I watched Jason Bourne last week, and decided to follow it up by watching all the movies that came before it, in order. I'd seen the first three before (and I knew I wasn't crazy when I remembered seeing that phone call scene in both movies!), but The Bourne Legacy was new to me. It takes place basically concurrently with the second half of The Bourne Supremacy, and it expands the world to give more insight into the Treadstone project and the shady CIA business that surrounds it. It was a good idea. But it also suffered from a serious narrative flaw. Since I'm a writer, it seems appropriate to use this movie as an example to explain the flaw, so that anyone else who wants to write a story and reads this journal will perhaps not make that mistake themselves.
*** Serious spoilers for The Bourne Legacy follow. But the movie came out 5 years ago, so you brought this on yourself ***
The plot of The Bourne Legacy is basically that under extra scrutiny, the Treadstone Project (which produced Jason Bourne and other agents) is terminated with extreme prejudice. The government kills all the agents and the scientists who had been performing the fitness tests on them, so that there won't be any loose ends. Additionally, the agents have been taking two pills to give them mental and physical enhancements. Hawkeye is the only agent to survive the purge, and Rachel Weisz is the only scientist to survive. He rescues her from an assassination attempt, and she reveals that he doesn't actually need the pills, as he can be dosed in such a way as to make the effects permanent. While being pursued by the CIA, they travel to Manila to get the necessary implements to dose him. The CIA locate them and send a super spy after them, and after he recovers from the side effects of the dosing, the spy chases them through Manila. He kills the spy but gets shot himself, and he and she are helped by some random people who end up putting them on a boat.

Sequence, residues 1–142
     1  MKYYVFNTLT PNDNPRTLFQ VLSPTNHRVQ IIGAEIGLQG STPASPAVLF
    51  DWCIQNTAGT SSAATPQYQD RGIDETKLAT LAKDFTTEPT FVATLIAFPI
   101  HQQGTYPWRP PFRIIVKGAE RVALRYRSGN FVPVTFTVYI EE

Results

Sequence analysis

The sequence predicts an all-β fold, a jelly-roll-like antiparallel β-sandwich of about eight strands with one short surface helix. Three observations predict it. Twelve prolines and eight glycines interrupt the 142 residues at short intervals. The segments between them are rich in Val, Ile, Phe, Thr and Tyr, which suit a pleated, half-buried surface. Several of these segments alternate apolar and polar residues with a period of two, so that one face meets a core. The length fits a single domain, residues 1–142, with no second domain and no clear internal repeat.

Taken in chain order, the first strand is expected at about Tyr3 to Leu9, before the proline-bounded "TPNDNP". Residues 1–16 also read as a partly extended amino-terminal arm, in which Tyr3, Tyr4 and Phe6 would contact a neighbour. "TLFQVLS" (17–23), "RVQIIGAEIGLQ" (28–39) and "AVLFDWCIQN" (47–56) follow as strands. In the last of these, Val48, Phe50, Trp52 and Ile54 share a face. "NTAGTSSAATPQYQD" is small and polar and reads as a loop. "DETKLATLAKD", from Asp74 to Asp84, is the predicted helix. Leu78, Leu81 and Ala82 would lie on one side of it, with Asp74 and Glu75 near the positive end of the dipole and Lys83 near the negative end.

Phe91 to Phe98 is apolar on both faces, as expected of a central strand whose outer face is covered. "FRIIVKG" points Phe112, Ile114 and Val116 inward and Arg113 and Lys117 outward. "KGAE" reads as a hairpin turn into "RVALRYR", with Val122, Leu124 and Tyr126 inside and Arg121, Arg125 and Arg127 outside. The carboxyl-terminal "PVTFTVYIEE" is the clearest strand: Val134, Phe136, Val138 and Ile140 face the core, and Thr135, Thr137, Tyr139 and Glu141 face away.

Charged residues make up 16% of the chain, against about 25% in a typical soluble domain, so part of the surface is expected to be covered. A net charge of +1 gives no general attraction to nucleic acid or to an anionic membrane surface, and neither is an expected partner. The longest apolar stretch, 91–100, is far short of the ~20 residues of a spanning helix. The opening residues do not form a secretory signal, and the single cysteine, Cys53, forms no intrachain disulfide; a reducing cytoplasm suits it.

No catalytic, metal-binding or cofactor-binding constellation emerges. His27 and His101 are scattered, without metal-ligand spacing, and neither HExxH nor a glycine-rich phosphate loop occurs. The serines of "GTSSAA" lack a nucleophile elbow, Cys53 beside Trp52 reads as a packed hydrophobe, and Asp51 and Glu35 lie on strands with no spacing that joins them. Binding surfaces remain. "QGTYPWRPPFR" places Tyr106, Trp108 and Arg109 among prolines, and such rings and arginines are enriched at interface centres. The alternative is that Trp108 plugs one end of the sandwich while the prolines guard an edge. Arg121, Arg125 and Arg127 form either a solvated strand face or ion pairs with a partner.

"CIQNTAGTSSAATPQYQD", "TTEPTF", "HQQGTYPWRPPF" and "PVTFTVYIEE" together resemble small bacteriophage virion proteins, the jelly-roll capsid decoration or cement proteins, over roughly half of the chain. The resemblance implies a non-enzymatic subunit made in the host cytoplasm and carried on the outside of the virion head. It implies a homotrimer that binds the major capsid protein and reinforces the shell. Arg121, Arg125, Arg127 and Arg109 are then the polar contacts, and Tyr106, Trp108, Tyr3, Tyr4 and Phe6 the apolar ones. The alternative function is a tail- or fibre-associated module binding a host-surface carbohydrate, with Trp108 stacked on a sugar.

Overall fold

And that's the movie. Does it feel like something's ...missing? Like... the ending?
The Bourne Legacy is a masterclass in failing to live up to the promises you give your audience. Throughout the movie, we have Hawkeye as the hero, and Ed Norton as the CIA top dog villain. Hawkeye is trying to survive, and Not Tyler Durden is trying to hunt him down and kill him. The expectation in the audience's mind is that at some point during the movie, these two will meet. That doesn't happen. Instead we're meant to believe that the central struggle in the movie is Hawkeye vs pills, but at no point is anything done to convince us that this is more important than the CIA trying to kill both him and Evie O'Connor. What we have implied to us instead is that getting off the pills is the ultimate goal, and then we never find out what happens next. We don't get closure on Norton vs Renner - we don't even find out what happens when Norton hears that the hitman died. After the set piece chase scene, the movie just ...ends.
When you have a movie that contains a mastermind pulling the strings to try to kill the hero, having the hero just say "Guess I'm on a boat now" is not a satisfying way to end the movie. You need to give the audience closure on that conflict. TBL doesn't do that, and as such it feels unfinished. Hawkeye even leaves an ominous note on the mirror next to his old pillbox, that says "No More." That seriously implies a threat, that he's going to be acting on his own now, and who better to make his first target than the people who tried to have him killed? Chekhov's Gun is the principle that every element in a fictional story should be both necessary and irreplaceable. The common and familiar way to explain this is "If in the first act you have hung a pistol on the wall, in the following one it should be fired." Bourne Legacy fails to live up to this numerous times.